Janice Tibbetts, CanWest News ServicePublished:
Sunday, April 16, 2006
OTTAWA - Almost one in five Canadians believe that Jesus Christ's death on the cross was faked and that he married and had a family, according to a new poll that challenges the
cornerstone Christian belief in the resurrection.
Albertans were most likely to accept The Da Vinci Code's premise, with 22 per cent reporting they believe in a hoax.
"It shows that The Da Vinci Code is winning the day," says religious studies professor Richard Ascough, referring to the bestselling novel that raises the conspiracy theory.
The poll, conducted for CanWest News Service in the days leading up to Easter, indicated that 17 per cent of Canadians and 13 per cent of Americans believe author Dan Brown's premise, which has been fiercely disputed by Christian religious leaders, most recently in a Good Friday service in Rome.
Seventy-three per cent of Canadians and 78 per cent of Americans said they believe that Jesus died on the cross and he was resurrected to eternal life. The Resurrection is central to the Christian faith and Easter is considered the most important religious holiday of the year.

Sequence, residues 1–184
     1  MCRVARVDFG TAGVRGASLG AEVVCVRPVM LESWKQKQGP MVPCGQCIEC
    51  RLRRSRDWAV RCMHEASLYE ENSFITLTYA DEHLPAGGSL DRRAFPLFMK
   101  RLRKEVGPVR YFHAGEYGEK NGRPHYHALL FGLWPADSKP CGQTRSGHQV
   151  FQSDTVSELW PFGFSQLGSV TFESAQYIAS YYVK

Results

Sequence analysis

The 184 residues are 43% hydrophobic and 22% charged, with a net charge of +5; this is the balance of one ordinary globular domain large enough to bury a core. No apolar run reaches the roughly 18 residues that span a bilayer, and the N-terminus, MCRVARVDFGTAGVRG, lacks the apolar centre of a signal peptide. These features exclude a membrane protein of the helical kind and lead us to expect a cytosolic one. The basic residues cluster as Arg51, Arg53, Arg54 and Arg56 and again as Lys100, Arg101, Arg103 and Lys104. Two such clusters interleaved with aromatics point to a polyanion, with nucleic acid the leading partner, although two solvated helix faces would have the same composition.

Another new book, The Jesus Papers by author Michael Baigent, also claims that Christ never died on the cross but that he married Mary Magdalene and he later moved to France with their daughter.
Ipsos Reid conducted its telephone survey with 814 Canadians and 768 Americans on April 11 and 12. The poll has a margin of error of plus or minus 3.5 percentage points, 19 times in 20.
Started my first class at ASU, it's pretty amazing to be in the big time.
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